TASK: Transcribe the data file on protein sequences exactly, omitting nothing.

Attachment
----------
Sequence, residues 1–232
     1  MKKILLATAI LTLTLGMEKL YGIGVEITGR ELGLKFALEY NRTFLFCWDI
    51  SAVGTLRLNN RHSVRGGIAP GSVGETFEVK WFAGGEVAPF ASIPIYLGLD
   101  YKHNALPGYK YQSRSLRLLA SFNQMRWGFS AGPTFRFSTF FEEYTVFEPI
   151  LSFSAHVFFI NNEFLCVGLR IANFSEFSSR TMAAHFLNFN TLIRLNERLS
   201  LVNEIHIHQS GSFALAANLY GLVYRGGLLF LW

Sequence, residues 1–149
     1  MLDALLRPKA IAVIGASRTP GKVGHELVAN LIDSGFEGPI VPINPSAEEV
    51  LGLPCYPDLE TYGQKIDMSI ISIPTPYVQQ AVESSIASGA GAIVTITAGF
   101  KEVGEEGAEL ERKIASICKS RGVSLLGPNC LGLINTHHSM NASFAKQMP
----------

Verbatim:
Sequence, residues 1–232
     1  MKKILLATAI LTLTLGMEKL YGIGVEITGR ELGLKFALEY NRTFLFCWDI
    51  SAVGTLRLNN RHSVRGGIAP GSVGETFEVK WFAGGEVAPF ASIPIYLGLD
   101  YKHNALPGYK YQSRSLRLLA SFNQMRWGFS AGPTFRFSTF FEEYTVFEPI
   151  LSFSAHVFFI NNEFLCVGLR IANFSEFSSR TMAAHFLNFN TLIRLNERLS
   201  LVNEIHIHQS GSFALAANLY GLVYRGGLLF LW

Sequence, residues 1–149
     1  MLDALLRPKA IAVIGASRTP GKVGHELVAN LIDSGFEGPI VPINPSAEEV
    51  LGLPCYPDLE TYGQKIDMSI ISIPTPYVQQ AVESSIASGA GAIVTITAGF
   101  KEVGEEGAEL ERKIASICKS RGVSLLGPNC LGLINTHHSM NASFAKQMP